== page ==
Study: Corporate Banks Turning to the Net

There will be 2,000 global corporate banking sites on the Internet within
the next two years–a four-fold increase–according to a new study conducted by Booze-Allen & Hamilton.

The management consulting firm reported that corporate banking sites are fast on the online heels of their retail banking brothers, and that 600-700 of these new sites will be fully functional by the year 2000.

The study focused on 220 financial institutions around the world, and found
519 corporate banking Web sites in existence. Retail banking sites number about 1,200, but the study’s author, David Howe, said that corporate banking will close the gap with the emergence of e-commerce, Web applications, and customer demand.

“Today’s snapshot reveals that most financial institutions have no corporate
banking Internet sites,” said Howe. “Of those that do, 92% offer only basic
functionality. But the picture by the year 2000 will be very different.”

Among the study’s major findings:

  • 65% of corporate banks plan to build Web sites soon
  • 42% aim to deliver advanced sites with interactive corporate banking features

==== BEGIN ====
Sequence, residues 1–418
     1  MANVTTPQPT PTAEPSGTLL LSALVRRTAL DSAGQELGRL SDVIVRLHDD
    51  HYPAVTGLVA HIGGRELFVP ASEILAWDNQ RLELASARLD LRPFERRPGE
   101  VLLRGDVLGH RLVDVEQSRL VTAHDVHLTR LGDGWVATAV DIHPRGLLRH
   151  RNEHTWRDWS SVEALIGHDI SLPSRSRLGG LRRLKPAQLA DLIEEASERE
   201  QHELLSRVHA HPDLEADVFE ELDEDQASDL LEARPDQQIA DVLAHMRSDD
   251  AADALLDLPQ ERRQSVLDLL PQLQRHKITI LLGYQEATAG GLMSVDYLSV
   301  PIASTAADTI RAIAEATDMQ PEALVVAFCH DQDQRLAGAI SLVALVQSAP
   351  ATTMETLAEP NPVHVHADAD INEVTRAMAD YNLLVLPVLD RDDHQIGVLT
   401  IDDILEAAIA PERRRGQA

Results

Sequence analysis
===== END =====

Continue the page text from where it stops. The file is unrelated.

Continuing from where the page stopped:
• 39% of corporate customers will use some form of Internet banking within three years
  • Major banks plan to quadruple their Internet investment
  • Australia, Canada, and the U.S. make up 100% of the advanced sites at present
  • North America and Europe account for 79% of total current sites

Howe suggested that corporate banking will find more homes on the Web by
offering a variety of resources, such as allowing customers to execute and monitor hundreds and thousands of financial transactions daily, and providing
constant daily updates to people globally in a cost efficient manner.

Also spurring growth will be “open standards” that enable corporate clients to oversee multiple accounts at multiple institutions from a single account at a single institution. Driving competition, this will allow clients to pick
the best products at competitive prices from numerous providers.

Security, the big worry among corporate bankers, should be addressed by developments in sophisticated encryption technology and emerging standards in electronic data transfer (EDI), according to the study.

Further Booze-Allen & Hamilton findings and recommendations can be found in
the online version of the report.

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